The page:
Politics

‘Utter BS’: Seth Moulton rebukes Biden’s claim that some Afghans ‘did not want to leave earlier’

"Don't tell me they don't want to leave when they're literally clinging to airplanes to try to get out of this country."

Rep. Seth Moulton during a press conference in Washington, D.C., in June. Shannon Finney / Getty Images for Green New Deal Network

Rep. Seth Moulton says he was convinced by President Joe Biden’s speech Monday defending the decision to withdraw American troops from Afghanistan, even as the Taliban surged back to take control of the country over the weekend.

However, the Massachusetts Democrat took exception Tuesday to Biden’s argument that the chaotic evacuation of Afghan civilians fleeing their country this week was because some “did not want to leave earlier.”

“That’s utter BS,” Moulton said Tuesday during a press conference in Salem.

“I mean, don’t tell me that Afghans don’t want to leave when there’s been a backlog of Special Immigrant Visa applications for over a decade,” he said. “Don’t tell me they don’t want to leave when they’re literally clinging to airplanes to try to get out of this country. That was the single part of the president’s speech that I not only disagreed with but I thought was just utter BS.”

OUT OF AFGHANISTAN:

For several months ahead of the planned withdrawal, Moulton had been calling on the Biden administration to streamline the evacuation of American allies in Afghanistan, noting that it often takes several years to go through the necessary visa process.

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According to the Associated Press, the United States had a visa application backlog of 18,000 Afghan translators and others who believed themselves to be in danger from the Taliban as of last month. And as American military planes took off from Kabul airport Monday, videos showed countless civilians crowding the tarmac and even holding on the plane’s landing gear in an effort to escape; officials say at least seven people died amid the mayhem.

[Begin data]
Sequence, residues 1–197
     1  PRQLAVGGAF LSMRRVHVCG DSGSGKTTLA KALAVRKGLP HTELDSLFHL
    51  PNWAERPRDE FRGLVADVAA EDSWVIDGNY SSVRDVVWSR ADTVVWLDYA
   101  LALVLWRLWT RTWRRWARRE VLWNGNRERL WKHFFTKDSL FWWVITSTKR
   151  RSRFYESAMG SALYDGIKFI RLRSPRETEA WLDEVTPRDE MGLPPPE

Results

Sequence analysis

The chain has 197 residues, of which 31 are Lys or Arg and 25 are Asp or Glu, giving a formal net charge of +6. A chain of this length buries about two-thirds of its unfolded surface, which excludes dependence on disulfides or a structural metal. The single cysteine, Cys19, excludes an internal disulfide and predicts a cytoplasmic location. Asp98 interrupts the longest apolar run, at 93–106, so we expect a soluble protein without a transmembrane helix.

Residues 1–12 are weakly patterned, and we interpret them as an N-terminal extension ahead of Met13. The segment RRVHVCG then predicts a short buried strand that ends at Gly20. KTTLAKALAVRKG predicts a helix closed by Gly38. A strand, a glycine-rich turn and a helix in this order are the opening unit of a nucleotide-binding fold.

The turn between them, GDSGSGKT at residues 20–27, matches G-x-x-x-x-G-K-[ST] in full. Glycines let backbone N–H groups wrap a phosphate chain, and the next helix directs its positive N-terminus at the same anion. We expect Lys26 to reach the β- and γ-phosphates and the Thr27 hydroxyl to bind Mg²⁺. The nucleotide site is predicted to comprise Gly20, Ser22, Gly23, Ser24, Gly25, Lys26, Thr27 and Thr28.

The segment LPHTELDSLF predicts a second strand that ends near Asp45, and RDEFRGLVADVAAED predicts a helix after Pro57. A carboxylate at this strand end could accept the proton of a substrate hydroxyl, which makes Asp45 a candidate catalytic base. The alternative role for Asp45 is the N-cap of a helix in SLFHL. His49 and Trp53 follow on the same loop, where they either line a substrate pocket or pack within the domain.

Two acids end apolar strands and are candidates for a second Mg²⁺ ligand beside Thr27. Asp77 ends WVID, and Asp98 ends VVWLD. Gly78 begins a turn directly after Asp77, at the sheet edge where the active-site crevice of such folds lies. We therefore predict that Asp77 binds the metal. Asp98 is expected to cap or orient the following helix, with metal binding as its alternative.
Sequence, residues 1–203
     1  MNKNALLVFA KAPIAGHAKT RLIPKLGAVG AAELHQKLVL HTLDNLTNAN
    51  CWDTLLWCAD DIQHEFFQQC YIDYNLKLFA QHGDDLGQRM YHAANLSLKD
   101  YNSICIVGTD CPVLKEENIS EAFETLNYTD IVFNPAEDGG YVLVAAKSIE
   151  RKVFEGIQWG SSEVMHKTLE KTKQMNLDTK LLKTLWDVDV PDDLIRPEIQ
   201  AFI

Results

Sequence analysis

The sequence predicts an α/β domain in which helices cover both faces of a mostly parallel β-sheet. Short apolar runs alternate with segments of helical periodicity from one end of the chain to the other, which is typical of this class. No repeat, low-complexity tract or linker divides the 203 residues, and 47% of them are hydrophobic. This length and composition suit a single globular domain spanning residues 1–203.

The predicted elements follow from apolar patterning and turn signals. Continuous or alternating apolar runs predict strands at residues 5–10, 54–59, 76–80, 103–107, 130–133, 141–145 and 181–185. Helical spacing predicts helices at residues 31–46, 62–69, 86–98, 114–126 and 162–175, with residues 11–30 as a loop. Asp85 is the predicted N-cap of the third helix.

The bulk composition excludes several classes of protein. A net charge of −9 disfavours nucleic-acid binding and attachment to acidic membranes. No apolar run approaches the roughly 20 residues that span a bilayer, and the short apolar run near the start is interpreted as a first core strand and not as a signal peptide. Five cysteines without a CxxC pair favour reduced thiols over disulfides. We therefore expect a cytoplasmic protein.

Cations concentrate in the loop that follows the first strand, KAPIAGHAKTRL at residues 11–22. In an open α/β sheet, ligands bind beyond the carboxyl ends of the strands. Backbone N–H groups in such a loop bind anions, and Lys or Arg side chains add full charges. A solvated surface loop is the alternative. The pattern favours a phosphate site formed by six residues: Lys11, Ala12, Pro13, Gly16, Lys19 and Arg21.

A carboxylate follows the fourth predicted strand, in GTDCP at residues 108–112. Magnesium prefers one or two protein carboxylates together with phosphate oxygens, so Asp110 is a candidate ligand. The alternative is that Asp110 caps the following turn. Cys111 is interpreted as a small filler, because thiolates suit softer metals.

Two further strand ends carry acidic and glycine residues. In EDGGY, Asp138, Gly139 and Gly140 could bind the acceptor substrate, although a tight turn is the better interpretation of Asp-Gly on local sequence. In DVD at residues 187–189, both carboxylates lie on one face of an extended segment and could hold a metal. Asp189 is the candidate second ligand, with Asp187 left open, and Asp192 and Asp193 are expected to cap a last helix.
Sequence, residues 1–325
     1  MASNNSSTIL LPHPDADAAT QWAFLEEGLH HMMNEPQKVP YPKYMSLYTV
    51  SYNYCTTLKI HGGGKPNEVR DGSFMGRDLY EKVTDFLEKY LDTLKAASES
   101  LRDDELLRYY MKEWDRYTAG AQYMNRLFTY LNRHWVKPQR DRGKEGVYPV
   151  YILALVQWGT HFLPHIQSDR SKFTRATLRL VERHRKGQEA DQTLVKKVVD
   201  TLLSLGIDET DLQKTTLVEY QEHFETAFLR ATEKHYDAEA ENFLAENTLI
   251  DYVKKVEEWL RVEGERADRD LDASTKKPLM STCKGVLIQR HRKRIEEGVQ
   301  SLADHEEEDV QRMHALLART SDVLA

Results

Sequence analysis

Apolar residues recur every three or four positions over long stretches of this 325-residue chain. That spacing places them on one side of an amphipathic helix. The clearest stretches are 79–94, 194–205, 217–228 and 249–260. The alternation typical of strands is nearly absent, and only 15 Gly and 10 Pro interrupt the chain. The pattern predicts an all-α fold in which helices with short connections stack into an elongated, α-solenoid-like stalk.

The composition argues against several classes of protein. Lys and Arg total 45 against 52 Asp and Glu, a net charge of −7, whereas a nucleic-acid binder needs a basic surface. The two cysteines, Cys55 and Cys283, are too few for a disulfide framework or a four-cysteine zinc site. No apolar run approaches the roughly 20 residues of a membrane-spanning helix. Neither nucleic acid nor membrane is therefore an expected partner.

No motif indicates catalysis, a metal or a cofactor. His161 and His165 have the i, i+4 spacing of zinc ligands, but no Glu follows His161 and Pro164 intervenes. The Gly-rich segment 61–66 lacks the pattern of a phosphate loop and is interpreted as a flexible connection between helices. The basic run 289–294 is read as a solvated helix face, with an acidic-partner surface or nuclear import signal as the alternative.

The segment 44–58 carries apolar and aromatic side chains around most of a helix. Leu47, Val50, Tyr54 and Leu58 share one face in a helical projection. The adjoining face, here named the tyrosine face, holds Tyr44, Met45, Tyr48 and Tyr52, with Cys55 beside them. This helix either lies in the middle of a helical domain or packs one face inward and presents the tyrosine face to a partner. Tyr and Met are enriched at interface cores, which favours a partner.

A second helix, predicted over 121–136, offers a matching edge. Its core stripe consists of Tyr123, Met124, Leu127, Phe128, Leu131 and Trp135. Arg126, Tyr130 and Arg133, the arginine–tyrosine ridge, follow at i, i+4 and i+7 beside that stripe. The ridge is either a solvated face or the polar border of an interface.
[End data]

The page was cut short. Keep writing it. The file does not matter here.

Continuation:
Biden said Monday that the Afghan government and its supporters had discouraged the administration against organizing an earlier mass evacuation to “avoid triggering, as they said, ‘a crisis of confidence'” in the country’s future.

While the president had said last month that it was “highly unlikely” the Taliban would sweep back into power, American intelligence officials reportedly released a report in late June that said it was possible Afghan President Ashraf Ghani’s government could collapse in less than six months. It happened much faster; by Sunday, the Taliban had seized control and Ghani had fled the country.

“I don’t think anybody anticipated the Taliban taking over so quickly,” Moulton said Tuesday. “But the president said in his speech that he planned for every contingency. I think it’s pretty obvious they did not plan for this contingency.”

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Moulton noted that he released a plan in June to quickly evacuate Afghan allies to Guam, where they could then complete visa processing.

“The most important thing is getting people out as quickly as possible, and then you sort out the paperwork, then you do the security checks,” he said. “And guess what, if there are people who don’t deserve to come out and need to go back, then you send them back. But don’t try to do that on the ground in Kabul, as the Taliban is bearing down.”

Moulton, who endorsed Biden in last year’s Democratic presidential primary after ending his own White House bid, said Monday night on CNN that he had tried to sell the president’s team on his evacuation plan, but to no avail.

“I still don’t understand why the administration hasn’t taken us up on that option and, again, why they didn’t do it a long time ago,” he said Tuesday.

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